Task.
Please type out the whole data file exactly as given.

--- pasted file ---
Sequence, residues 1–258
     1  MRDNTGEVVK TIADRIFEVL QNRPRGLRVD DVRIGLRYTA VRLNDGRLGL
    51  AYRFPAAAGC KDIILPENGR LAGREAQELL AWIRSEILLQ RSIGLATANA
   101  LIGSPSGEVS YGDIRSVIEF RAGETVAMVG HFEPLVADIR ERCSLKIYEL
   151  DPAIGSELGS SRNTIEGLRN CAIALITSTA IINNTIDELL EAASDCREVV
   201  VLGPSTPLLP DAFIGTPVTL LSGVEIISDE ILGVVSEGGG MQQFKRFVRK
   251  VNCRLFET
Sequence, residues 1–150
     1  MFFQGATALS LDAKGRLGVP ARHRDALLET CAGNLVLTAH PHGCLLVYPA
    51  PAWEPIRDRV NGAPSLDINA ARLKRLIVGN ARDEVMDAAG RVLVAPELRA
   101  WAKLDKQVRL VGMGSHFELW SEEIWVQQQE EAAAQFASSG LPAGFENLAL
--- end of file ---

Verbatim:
Sequence, residues 1–258
     1  MRDNTGEVVK TIADRIFEVL QNRPRGLRVD DVRIGLRYTA VRLNDGRLGL
    51  AYRFPAAAGC KDIILPENGR LAGREAQELL AWIRSEILLQ RSIGLATANA
   101  LIGSPSGEVS YGDIRSVIEF RAGETVAMVG HFEPLVADIR ERCSLKIYEL
   151  DPAIGSELGS SRNTIEGLRN CAIALITSTA IINNTIDELL EAASDCREVV
   201  VLGPSTPLLP DAFIGTPVTL LSGVEIISDE ILGVVSEGGG MQQFKRFVRK
   251  VNCRLFET
Sequence, residues 1–150
     1  MFFQGATALS LDAKGRLGVP ARHRDALLET CAGNLVLTAH PHGCLLVYPA
    51  PAWEPIRDRV NGAPSLDINA ARLKRLIVGN ARDEVMDAAG RVLVAPELRA
   101  WAKLDKQVRL VGMGSHFELW SEEIWVQQQE EAAAQFASSG LPAGFENLAL